The new Money and Mental Health Policy Institute have recently carried out a survey which shines a light on the relationship between mental health and money difficulties and how and why they are linked.
Out of the survey of 5500 people who had lived with mental health problems 86 per cent of respondents said that their financial situation had exacerbated their mental health problem.
The survey asked why the respondents had fallen behind with bills over the previous 12 months and the majority of people (67 per cent) cited mental health problems as the primary cause. A large number of people also said they had difficulties with managing money or believe that living on a low income was the reason for falling behind with the bills. Only 36 per cent blamed a job loss or drop in wages or benefits. This indicates that the greater factor in people falling behind with bills is not how much money they have in the first place but how they manage it.
Different financial behaviour during periods of poor mental health
As mentioned in my previous blog a large proportion of respondents reported changes in their spending patterns during periods of poor mental health. Significantly 93 per cent spent more than usual during these periods and 92 per cent found it more difficult to make financial decisions.
Financial problems leading to mental health difficulties
Financial problems can lead directly to mental health distress. Many respondents with financial problems reported anxiety and depression are directly attributed to their poor financial position.
Obviously financial difficulties lead to creditor action. Any creditor action against someone suffering a mental health problem has an increased and exaggerated effect on their mental wellbeing. Creditor letters pressing for payment, demand for payments from creditors all have a greater effect on a person with poor mental health than someone who doesn’t have mental health difficulties.
There can be other effects which are detrimental to being in debt for someone with mental health difficulties. Often financial difficulties will mean that a debtor can go without essentials such as food or heating which is harmful to both physical and mental health. It can lead to the debtor being excluded from activities and support networks which were once a lifeline such as a self-help group, club or society. Financial difficulties can also mean relationships are broken down due to increased stress which in turn creates more pressure on the individual.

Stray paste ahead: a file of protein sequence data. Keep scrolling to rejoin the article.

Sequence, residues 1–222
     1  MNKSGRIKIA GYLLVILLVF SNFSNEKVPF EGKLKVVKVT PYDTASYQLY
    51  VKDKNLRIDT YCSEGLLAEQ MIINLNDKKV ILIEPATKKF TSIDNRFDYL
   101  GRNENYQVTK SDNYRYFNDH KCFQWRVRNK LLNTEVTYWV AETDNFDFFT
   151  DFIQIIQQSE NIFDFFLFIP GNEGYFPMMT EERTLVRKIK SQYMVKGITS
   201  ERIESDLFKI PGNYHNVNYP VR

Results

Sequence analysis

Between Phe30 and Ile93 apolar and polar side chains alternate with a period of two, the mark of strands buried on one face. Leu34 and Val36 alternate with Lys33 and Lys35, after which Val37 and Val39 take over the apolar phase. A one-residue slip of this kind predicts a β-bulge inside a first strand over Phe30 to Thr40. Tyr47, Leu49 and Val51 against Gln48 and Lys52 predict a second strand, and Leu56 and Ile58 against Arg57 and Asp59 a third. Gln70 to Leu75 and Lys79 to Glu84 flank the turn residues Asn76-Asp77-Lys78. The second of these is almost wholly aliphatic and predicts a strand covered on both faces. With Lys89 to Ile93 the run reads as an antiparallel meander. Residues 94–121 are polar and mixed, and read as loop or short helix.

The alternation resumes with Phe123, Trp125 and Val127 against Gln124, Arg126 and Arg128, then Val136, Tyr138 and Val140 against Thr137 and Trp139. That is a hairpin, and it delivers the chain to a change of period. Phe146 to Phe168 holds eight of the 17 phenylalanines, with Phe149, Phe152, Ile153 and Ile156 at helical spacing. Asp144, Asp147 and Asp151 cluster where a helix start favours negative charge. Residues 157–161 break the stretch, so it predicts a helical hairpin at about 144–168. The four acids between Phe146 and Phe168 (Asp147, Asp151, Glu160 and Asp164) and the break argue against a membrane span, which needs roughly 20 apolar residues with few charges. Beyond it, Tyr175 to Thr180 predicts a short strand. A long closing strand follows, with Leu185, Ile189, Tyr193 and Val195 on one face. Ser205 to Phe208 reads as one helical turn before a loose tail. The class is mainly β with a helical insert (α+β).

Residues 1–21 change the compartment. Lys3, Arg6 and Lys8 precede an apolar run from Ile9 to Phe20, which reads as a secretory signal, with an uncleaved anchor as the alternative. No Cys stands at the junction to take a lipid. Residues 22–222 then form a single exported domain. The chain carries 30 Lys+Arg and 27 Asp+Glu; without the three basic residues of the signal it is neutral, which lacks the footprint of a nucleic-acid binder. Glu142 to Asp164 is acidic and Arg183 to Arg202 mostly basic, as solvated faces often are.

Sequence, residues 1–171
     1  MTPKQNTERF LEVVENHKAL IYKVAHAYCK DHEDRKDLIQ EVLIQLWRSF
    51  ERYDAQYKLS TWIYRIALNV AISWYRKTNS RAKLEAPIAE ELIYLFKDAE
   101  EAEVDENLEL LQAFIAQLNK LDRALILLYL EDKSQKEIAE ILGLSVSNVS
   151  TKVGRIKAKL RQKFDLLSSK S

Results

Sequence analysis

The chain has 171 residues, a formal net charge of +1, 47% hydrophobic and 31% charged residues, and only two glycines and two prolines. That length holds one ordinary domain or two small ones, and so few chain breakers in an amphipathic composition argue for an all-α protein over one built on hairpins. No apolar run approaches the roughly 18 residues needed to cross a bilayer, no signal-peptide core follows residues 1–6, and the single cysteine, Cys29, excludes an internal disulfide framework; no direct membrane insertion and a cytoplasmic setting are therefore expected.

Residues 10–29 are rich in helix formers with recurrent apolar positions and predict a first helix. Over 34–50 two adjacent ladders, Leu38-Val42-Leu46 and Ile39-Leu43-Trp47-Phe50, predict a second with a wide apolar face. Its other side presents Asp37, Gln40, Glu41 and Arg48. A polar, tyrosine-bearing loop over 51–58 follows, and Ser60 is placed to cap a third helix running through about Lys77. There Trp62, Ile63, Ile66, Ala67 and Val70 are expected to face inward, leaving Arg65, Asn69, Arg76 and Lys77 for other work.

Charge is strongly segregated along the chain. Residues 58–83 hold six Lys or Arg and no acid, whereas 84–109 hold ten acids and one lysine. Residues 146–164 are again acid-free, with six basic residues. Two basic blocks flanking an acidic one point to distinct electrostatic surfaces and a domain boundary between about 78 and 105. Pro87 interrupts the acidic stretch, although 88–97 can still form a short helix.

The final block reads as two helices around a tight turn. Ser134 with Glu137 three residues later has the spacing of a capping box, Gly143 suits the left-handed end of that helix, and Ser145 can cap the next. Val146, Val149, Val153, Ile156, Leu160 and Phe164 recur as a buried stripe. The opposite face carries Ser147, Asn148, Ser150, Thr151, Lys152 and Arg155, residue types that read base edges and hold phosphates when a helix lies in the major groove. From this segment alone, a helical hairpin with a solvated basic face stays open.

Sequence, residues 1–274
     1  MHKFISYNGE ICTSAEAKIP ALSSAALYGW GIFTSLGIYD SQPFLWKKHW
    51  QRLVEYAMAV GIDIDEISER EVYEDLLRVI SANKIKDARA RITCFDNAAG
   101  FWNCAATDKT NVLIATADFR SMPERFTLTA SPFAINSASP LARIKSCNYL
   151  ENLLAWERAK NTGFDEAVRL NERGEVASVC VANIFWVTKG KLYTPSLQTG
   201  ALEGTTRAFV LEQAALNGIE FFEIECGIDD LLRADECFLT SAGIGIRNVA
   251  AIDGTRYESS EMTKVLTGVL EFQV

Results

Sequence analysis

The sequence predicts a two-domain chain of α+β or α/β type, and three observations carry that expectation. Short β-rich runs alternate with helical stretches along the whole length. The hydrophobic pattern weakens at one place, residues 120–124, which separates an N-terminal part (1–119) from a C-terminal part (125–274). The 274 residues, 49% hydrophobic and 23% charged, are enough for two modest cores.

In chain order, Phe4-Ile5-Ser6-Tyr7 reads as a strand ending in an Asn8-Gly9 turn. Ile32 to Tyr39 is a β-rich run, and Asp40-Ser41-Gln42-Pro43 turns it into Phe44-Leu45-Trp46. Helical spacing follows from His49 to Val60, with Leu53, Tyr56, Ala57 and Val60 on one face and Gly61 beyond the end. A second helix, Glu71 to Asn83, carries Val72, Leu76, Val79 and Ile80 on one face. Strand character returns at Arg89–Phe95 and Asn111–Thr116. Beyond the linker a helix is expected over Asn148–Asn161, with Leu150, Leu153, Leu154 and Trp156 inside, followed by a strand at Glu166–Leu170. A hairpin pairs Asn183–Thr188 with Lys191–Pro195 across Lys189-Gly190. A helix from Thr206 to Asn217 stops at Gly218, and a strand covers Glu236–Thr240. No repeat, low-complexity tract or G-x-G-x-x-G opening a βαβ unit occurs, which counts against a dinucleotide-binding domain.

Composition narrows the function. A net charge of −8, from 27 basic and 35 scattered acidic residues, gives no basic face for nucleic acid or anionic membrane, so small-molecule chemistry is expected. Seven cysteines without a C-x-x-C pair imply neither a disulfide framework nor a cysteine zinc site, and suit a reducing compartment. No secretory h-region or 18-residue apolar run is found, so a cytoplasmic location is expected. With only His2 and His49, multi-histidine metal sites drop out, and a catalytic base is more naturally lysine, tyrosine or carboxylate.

It is not just financial problems that can lead to mental health problems, it can happen the other way around too. Mental health problems can lead to financial difficulties.
People with mental health problems will often have a period of manic or impulsive spending or comfort spending to boost low mood, addictive spending is also a common trait. Mental health problems will often lead to a period out of work or reduced income which in turn can trigger financial difficulties and resultant debt.
In addition, many mental health treatments will often lead to difficult side effects, affecting the debtor’s capacity to make financial decisions or manage their finances. This in turn can lead to financial difficulties and creditor action/debt cycle.
The survey has been important in confirming what we already know about the interaction between mental health difficulties and financial and debt problems. There has been much good work done in recent years in financial services and creditors now acknowledge the relevance and importance of their actions with someone who has mental health difficulties.
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